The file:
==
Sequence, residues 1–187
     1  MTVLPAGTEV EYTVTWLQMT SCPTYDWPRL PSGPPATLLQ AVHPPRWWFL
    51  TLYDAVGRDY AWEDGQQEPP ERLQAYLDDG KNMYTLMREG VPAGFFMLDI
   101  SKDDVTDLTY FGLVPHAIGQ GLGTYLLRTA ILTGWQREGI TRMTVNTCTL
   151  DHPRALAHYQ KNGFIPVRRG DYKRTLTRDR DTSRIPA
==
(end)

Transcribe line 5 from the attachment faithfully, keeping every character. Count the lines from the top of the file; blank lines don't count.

   151  DHPRALAHYQ KNGFIPVRRG DYKRTLTRDR DTSRIPA